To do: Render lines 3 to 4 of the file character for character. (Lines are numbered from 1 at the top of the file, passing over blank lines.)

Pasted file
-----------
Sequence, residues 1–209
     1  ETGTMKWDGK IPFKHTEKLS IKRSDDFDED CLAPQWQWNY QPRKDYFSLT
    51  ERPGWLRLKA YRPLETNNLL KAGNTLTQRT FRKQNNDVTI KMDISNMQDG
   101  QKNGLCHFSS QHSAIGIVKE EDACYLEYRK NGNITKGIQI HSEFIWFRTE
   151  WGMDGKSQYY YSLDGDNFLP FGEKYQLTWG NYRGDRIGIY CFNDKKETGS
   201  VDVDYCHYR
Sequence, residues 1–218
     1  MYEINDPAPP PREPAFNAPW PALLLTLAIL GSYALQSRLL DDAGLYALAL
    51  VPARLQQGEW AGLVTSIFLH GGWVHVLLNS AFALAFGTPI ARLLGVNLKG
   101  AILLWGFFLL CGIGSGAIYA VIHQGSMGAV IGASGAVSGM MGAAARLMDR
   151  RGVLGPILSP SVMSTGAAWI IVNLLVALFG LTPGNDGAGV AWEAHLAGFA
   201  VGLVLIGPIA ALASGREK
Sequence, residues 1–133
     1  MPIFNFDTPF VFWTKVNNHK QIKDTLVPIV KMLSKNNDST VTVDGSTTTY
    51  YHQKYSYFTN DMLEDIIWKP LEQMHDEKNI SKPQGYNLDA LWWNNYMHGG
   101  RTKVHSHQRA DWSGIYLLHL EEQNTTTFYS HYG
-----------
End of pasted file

    51  ERPGWLRLKA YRPLETNNLL KAGNTLTQRT FRKQNNDVTI KMDISNMQDG
   101  QKNGLCHFSS QHSAIGIVKE EDACYLEYRK NGNITKGIQI HSEFIWFRTE